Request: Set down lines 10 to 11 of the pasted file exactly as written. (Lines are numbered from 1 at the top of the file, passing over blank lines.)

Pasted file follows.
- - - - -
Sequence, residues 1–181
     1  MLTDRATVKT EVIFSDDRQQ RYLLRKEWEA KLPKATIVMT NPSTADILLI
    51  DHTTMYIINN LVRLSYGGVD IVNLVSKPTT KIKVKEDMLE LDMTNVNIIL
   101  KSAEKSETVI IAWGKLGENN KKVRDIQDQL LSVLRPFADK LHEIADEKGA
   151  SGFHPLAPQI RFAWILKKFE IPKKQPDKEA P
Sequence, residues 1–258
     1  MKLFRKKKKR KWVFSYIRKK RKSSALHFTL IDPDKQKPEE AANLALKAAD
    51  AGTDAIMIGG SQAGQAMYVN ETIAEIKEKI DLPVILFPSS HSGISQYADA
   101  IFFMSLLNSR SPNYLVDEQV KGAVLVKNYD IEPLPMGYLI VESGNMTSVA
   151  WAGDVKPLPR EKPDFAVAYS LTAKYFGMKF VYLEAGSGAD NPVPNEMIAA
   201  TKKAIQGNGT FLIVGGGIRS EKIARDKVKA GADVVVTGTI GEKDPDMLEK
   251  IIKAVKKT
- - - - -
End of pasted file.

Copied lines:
   151  WAGDVKPLPR EKPDFAVAYS LTAKYFGMKF VYLEAGSGAD NPVPNEMIAA
   201  TKKAIQGNGT FLIVGGGIRS EKIARDKVKA GADVVVTGTI GEKDPDMLEK